The majority of my professional life has been spent working in the third sector, or the not-for-profit sector.  What has been a consistent theme in my experience is that each organisation I have worked for has been values based. They may have used different words but the language was consistent, the language of social inclusion and acceptance. I guess one could say social inclusion and social justice runs deep in my veins. I felt compelled to write this article in response to what has occurred in our parliament this week.

Firstly, I must say that I am not writing this from a political bias, I am merely making comment about how I view what I see and hear on our media outlets. What occurred in our Senate with a female Senator, non-Muslim,  wearing a full burqa, was appalling.  Such actions are disrespectful and do nothing to build a socially inclusive society, in fact they fuel fear and misunderstanding. I know that there are many in our community who have decried such actions notwithstanding our PM who stated   “mutual respect is not just the foundation of our success as a multicultural society…… (it) enables us to live together, work together, in harmony.”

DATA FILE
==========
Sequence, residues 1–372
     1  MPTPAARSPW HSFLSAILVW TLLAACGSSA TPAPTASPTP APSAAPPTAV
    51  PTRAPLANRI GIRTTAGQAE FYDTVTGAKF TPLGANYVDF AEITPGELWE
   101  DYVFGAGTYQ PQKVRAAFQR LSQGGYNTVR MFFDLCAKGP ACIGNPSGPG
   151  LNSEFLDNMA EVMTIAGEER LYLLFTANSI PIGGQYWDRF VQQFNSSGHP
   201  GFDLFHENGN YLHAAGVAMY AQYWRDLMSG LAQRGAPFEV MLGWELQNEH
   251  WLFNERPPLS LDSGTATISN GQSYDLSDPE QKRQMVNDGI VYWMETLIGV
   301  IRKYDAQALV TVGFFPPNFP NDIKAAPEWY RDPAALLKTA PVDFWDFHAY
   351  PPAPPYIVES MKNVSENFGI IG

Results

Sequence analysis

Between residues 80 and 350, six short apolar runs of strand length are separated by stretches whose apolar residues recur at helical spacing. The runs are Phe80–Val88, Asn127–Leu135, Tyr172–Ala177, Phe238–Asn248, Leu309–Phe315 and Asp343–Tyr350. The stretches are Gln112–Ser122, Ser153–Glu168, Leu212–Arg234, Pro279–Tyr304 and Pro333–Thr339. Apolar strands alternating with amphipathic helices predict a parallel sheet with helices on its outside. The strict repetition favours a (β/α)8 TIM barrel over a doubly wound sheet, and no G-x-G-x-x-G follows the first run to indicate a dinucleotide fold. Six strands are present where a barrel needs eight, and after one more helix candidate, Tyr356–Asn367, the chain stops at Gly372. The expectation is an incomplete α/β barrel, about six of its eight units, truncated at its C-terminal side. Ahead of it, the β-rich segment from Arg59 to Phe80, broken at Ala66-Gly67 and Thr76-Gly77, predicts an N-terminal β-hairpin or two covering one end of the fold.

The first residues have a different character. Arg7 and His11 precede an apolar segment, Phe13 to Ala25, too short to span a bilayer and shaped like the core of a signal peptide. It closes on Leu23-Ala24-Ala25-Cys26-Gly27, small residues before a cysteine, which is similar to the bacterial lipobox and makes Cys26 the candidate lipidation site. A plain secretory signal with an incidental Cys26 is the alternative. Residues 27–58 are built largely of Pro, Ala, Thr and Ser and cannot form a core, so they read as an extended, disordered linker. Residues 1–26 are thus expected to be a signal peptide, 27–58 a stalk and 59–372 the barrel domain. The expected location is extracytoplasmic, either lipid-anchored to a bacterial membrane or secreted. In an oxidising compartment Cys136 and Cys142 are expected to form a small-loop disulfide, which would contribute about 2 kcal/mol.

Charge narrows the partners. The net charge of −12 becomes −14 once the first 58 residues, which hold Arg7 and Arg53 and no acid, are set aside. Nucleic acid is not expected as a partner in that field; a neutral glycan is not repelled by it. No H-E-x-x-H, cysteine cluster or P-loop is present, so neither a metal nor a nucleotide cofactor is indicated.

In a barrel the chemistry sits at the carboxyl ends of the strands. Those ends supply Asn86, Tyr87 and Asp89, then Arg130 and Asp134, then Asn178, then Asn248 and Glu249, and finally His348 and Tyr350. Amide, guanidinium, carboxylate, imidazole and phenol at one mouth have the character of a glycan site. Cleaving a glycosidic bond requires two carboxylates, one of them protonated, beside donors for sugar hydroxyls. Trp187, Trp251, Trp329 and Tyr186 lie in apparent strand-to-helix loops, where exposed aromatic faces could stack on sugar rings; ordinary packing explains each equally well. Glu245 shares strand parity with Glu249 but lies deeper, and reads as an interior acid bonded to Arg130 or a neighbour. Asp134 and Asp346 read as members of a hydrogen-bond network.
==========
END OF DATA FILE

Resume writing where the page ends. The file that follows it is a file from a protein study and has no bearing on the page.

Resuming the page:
So what makes an inclusive community and why is diversity so important?  An inclusive community values everyone, eliminates forms of discrimination and actively promotes equal opportunity and treatment. Acts of exclusion, mistreatment, signalling out or injustice are not tolerated. Diversity is important, it provides a richness to our world and offers us experiences that enable us to grow. I want to live in a society that values diversity and welcomes those that are different.

It is not just those with different religious beliefs, but those who are poor, homeless, disabled, suffer from a mental illness or have a physical disability that require us to think about what we can do to build social connection and acceptance. It is in the language we use, it is in the interaction we have in the line-up at the checkout, it is what we say to our children, it is the multiple small interactions that we have every day that will ultimately impact on the type of community we live in. Yes, our politicians can set the broad agenda but it is you and me that really makes the difference. Next time you see someone just a little different to you have the courage to make eye contact, smile and say hello. Join with me in breaking down the barriers of fear and exclusion.